…There is so much variation in noise among these five images, and they have been so processed with sharpening and infilling of data, that I think it is pointless to micro-analyze tiny little features and whether they have changed, much less whether they represent the presence of moving, living creatures or not. These images are much less convincing even than those of the Mars Sasquatch.

What was perhaps most surprising to Lakdawalla was how such a respected and knowledgeable planetary scientist could come up with something “so patently off the wall”. Someone noted to her that Ksanfomaliti has always been interested in ideas “slightly on the edge of reality”, while another suggested that perhaps three decades of analysing old data sets might make anyone crazy. Her own thoughts, however, were more about the dangers in being so smart that you convince yourself that your new theory is the start of a new paradigm:

I’ve seen before when successful people become so convinced that they are smart and right that they go over some edge and suddenly think that any crazy idea that flits into their head must be right, because they thought it and they’re always right, right? There’s no way for me to know what’s made Ksanfomaliti make so much out of absolutely nothing. All I know is, there’s nothing here. Move along.

Dammit, I was so hoping that Venusian scorpions were a thing.

Source: Is there life on Venus? Not in reprocessed Venera-13 images.

  1. symmetry
    Usually I’m quick to dismiss these kind of things. Perhaps it’s that “get over it and move on” attitude of scientists that I loathe so much that is making me respond this way, but I see some symmetry. It doesn’t look like an earth scorpion though, after all why should it? This is Venus. There is definitely some symmetry there but whether or not it’s and animal just a rock is hard to tell. To me I would still have to say rock. That doesn’t mean we should dismiss Venus though as having life. What about below the surface? We always talk about Mars but people seem to forget we did find life on Mars in the 1990s, albeit bacteria, but still life. Given the fact we know certain bacteria can survive the vacuum of space and has arrived on earth via meteorite, how hard would it be for that to happen on Venus. Doesn’t even have to be the full on Panspermia Theory, just some damn common knowledge!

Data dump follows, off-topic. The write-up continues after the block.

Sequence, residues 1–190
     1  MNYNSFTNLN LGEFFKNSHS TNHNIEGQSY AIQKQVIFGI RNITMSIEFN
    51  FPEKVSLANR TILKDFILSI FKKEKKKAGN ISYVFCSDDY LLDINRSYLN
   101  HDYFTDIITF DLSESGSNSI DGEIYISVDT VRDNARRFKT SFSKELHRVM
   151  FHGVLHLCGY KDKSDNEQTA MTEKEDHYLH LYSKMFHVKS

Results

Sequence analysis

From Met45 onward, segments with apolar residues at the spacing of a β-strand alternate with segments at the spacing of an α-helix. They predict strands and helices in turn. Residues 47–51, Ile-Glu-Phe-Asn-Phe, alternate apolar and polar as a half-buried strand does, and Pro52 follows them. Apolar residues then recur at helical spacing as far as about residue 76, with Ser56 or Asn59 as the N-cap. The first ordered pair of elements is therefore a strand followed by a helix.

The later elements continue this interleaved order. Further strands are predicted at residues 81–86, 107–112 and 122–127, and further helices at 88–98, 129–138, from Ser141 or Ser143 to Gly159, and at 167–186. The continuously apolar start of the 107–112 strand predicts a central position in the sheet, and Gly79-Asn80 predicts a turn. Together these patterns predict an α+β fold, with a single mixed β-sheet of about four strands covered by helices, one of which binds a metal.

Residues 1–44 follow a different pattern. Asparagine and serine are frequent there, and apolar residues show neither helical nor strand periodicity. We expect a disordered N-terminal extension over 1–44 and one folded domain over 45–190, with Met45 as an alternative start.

1. Mars bacteria
      You mention life being found on Mars in the form of bacteria. While I agree with your assumption whole heartedly, I do need to point out, at this time, that NASA has not officially admitted that the Viking lander back in the 1970’s actually found life. They gave a half hearted admission with many “possibilies” , “Appears that”, and other back handed terms, that the Viking “probably” did detect a biological enity. The report was only used by a very few in the media because of the wishy-washy way it was presented. And even that is denied today. Now calling the Viking positive result caused by a unique element found in wide areas of Mars. Now we have a NASA scientist who claims there appears to have been nuclear blasts on the red planet. As they have ruled out incoming space debrie and volcanos; I wonder just what was capable of building a thermonuclear devise? Bacteria?

      1. thermonuclear devise
        Brig, it was an example. I never said outright that there isn’t higher intelligence out there. To think we are the only being in the universe that has made something past a twig and stone point is foolish.

        The symmetrical nature of this “scorpion” is interesting. I have no right to dismiss it, but I must go by the likelihood that this specifically is a rock formation. That doesn’t mean that I don’t think there is life on Venus, but if there is it may be living more underground since the surface is, to quote Greg, Hell. We don’t know, it requires further study. I haven’t read every article on space out there, but I am no less curious of what lies beyond our moon’s gaze.